INDUSTRIAL production jumped by half a per cent in December, fuelled by a surge in energy supply as households cranked up the heating, official data showed yesterday.
Spikes in the supply of electricity (up 12.3 per cent) and gas (up 10.3 per cent) drove up the UK’s index of production, recorded by the Office for National Statistics (ONS).
Yet there was surprisingly bad news from British factories, as manufacturing fell by 0.1 per cent compared to November.
Some observers blamed the surprise drop on December’s freezing conditions, although the ONS reported only “a small amount of anecdotal evidence” for the effect of snow.
However, underlying growth in manufacturing remains strong. In the fourth quarter of the year, manufacturing was up 1.1 per cent compared to the previous three months.
The ONS recommends observing this measure to remove inherent volatility in the monthly figures.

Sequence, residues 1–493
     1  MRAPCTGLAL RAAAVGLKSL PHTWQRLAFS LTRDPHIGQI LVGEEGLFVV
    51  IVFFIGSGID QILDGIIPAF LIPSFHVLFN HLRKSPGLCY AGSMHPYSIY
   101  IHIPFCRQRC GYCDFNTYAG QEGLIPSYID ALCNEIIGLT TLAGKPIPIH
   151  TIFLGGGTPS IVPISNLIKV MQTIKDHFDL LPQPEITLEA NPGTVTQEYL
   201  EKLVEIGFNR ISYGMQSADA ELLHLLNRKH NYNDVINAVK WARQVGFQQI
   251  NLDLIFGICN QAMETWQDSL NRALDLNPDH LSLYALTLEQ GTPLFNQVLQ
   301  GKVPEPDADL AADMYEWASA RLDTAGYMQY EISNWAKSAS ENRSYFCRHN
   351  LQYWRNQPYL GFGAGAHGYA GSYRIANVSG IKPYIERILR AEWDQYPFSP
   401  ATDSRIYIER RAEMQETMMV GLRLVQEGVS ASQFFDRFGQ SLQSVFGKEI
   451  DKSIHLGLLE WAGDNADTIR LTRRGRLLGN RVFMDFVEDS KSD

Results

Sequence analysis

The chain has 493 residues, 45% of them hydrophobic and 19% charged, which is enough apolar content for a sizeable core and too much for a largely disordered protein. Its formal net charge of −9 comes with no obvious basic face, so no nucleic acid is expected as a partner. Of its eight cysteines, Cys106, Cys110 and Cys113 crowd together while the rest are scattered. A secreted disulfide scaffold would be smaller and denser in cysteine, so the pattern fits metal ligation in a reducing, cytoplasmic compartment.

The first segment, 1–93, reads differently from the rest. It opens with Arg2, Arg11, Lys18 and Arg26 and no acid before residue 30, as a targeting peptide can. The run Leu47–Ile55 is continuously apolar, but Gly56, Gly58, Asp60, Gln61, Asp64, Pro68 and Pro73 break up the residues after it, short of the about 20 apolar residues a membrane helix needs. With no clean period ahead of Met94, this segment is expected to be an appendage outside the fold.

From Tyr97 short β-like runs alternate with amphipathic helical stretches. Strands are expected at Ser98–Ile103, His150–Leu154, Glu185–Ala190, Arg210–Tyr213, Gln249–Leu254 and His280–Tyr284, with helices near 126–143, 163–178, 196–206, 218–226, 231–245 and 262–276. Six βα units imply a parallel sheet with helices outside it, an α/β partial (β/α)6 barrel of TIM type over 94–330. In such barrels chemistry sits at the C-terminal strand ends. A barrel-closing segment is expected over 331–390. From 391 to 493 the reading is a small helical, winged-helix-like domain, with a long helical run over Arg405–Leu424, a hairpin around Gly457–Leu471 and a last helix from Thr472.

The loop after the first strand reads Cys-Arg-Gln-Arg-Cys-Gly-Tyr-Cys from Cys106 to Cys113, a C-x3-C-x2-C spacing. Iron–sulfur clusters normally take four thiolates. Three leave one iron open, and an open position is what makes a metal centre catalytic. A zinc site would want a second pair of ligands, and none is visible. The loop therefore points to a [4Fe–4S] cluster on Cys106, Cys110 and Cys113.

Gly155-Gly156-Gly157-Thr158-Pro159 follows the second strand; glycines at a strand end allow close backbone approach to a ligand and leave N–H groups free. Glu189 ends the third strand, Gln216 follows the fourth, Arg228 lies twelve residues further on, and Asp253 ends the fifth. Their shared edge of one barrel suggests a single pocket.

On this three monthly comparison, over industrial production – which includes mining and energy, as well as factory activity – was up 0.7 per cent.
For 2010 as a whole, British industry grew by two per cent, driven by manufacturing’s expansion of 3.6 per cent.
“The prospective weather-related bounce-back, together with additional strong business survey readings, suggests there might be a sizable jump in manufacturing output in January,” predicted Blerina Uruci of Barclays Capital.